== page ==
Encapsulate, an early-stage company founded by three graduate students at the University of Connecticut School of Engineering, was named last November as one of only two winners of the 2019 International Space Station U.S. Laboratory and Boeing “Technology in Space” Prize. Encapsulate receives $500,000 and the opportunity to conduct research projects on board the International Space Station (ISS).
Encapsulate is in the process of developing an automated “tumor-on-a-chip” system that can implant a patient’s own cancer cells on a digital chip and grow them outside the body. The system greatly increases the number of possible treatments that can be tested, and dramatically compresses the amount of time it takes to identify the most effective treatment.
Imagine a patient, newly diagnosed with cancer. Her doctors know that her condition requires some type of chemotherapy, but the FDA has approved thousands of medical treatments for cancer, and individuals with the same cancer strain can respond differently to the same treatment. To know exactly which treatment will be most effective in fighting this specific patient’s illness is difficult to determine, even after the choices have been narrowed down substantially. Typically, oncologists make their best choice and the treatment is given, its effectiveness is evaluated over a period of several weeks, and the patient and doctors wait for the results. If the choice was incorrect, the whole process starts over again, one treatment option at a time, taking even more weeks or months.
But what if there is a way to test multiple medications and treatment options simultaneously, on the patient’s own cancer cells, allowing doctors to identify the approach that works best on the quickest possible timeline? Encapsulate believes its technology will provide that solution.
“Time is a major factor in the success or failure of cancer treatment,” said Armin Tahmasbi Rad, one of Encapsulate’s founders. “We believe our technology will help identify the right treatment in the right dosage much sooner than is currently possible, and that it could save numerous lives.”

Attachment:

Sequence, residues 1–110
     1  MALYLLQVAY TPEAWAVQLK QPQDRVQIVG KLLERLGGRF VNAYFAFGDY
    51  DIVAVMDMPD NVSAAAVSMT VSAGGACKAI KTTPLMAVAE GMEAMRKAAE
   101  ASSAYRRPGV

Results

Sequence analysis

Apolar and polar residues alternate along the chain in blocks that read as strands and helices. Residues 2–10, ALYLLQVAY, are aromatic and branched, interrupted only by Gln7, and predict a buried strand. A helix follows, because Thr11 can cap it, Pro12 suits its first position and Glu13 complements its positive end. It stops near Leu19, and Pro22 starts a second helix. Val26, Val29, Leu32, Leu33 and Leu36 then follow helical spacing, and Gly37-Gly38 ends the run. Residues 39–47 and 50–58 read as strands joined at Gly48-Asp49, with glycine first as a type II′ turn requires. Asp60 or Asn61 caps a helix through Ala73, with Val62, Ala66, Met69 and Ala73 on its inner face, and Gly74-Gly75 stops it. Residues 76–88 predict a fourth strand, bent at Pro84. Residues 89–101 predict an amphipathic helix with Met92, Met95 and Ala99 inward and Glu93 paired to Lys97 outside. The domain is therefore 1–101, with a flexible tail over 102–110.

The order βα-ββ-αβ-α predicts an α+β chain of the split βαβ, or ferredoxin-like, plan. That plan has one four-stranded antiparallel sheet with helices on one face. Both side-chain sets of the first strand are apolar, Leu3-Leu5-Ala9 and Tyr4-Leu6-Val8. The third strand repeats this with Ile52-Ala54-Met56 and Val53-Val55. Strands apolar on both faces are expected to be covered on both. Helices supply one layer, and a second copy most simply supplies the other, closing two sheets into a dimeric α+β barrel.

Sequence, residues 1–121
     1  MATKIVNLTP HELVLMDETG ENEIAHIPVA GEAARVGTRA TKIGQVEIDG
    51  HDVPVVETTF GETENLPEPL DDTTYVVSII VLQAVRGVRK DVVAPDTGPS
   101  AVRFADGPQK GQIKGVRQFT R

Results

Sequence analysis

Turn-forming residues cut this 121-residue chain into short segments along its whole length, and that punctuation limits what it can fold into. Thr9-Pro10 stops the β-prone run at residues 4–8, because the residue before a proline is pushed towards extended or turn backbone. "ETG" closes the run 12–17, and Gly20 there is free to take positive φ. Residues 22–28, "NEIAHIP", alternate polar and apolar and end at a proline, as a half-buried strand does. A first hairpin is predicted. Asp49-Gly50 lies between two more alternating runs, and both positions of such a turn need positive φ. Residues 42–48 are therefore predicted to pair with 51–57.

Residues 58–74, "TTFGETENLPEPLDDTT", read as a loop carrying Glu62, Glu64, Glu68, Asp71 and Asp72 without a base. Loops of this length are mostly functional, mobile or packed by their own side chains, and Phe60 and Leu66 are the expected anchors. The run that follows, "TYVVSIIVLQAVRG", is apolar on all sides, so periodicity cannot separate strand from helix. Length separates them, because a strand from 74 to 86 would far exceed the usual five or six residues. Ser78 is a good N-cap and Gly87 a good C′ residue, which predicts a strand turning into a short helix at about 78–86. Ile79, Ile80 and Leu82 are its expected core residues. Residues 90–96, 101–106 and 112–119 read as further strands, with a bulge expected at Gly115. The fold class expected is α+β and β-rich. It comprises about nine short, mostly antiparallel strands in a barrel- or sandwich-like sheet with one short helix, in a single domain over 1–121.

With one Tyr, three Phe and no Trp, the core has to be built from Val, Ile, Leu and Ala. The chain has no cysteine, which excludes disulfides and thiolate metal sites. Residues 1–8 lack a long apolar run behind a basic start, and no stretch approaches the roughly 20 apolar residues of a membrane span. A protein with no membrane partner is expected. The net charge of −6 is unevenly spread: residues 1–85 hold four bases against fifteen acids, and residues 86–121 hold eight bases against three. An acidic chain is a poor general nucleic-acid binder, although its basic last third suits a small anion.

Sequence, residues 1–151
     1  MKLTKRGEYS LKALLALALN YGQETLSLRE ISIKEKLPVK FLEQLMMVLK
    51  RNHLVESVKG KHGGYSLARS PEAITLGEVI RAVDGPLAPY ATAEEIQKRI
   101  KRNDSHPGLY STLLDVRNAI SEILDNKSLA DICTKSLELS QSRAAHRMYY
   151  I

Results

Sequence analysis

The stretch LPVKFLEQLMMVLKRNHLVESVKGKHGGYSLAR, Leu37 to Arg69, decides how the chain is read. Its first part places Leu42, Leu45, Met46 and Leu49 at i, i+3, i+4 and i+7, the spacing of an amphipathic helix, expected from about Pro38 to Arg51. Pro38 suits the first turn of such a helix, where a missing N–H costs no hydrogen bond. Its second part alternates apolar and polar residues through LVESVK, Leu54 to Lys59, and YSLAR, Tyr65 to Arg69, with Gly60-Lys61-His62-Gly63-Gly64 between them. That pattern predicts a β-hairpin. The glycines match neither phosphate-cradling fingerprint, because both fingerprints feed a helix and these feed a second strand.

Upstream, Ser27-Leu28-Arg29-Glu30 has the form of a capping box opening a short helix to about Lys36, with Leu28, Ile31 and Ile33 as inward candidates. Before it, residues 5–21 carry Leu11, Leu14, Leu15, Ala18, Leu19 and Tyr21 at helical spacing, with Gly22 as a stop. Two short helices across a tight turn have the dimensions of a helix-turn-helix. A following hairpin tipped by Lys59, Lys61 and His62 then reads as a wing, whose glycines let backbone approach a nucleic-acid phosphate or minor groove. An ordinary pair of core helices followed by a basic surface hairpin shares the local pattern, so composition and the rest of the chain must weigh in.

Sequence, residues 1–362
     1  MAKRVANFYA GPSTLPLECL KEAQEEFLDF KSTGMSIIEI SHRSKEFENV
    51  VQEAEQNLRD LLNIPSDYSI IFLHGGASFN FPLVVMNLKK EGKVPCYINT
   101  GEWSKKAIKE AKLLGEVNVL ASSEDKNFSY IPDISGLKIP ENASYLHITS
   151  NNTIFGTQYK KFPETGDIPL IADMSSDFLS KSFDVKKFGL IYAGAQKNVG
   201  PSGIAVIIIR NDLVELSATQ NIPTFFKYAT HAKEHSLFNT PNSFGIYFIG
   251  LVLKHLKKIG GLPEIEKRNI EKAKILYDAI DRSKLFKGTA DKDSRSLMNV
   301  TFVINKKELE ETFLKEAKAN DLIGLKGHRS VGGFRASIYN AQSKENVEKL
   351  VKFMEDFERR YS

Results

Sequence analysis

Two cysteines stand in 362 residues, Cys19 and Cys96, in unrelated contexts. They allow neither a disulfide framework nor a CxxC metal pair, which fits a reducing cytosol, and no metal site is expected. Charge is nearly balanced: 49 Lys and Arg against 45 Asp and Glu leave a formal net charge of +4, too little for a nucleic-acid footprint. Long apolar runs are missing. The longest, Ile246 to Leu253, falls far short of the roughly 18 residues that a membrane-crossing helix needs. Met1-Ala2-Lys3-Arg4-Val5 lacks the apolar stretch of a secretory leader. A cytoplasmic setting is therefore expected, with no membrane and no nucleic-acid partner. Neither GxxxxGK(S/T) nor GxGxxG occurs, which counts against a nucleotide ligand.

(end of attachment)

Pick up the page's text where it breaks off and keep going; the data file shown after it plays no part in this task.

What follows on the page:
Rad and his partners Leila Daneshmandi and Reza Amin are excited about the opportunity to conduct further testing on their technology in space, a rare opportunity for early-stage companies like Encapsulate. “Testing the process in weightlessness on the ISS provides an opportunity to evaluate our work with microtumors in an environment that has proven in previous experiments to duplicate more precisely how cells behave inside the human body,” said Rad. “It’s a tremendous honor to win the ISS/Boeing prize.”
Through the “Technology in Space Prize,” Boeing and the ISS National Lab have collectively awarded 27 projects and more than $4.5 million in funding since the prize’s inception. Encapsulate shared this year’s prize with Axonis, a Boston-based company working on cures for paralysis and other currently incurable illnesses.
All three Encapsulate co-founders have utilized the resources at UConn to grow their startup to a thriving, growing business. Rad and Amin have been involved in UConn’s newly launched Master’s of Engineering in Global Entrepreneurship program, funded by CTNext, and Encapsulate has thrived using the resources of the UConn Technology Incubation Program, which provides lab space, business support, and a network of experienced investors and entrepreneurs.
Encapsulate was recently named a member company in the first cohort of Hartford’s new Digital Health medtech accelerator, a new collaborative initiative launched through the state’s Innovation Places program to help extremely promising startups in the medical technology sector obtain the knowledge and resources to spur their growth and success. The company is also a recent winner of CTNext’s Entrepreneur Innovation Award and was a member of the first cohort of CTNext’s new Mentor Network.
For more information about Encapsulate, contact Armin Tahmasbi Rad at email@example.com.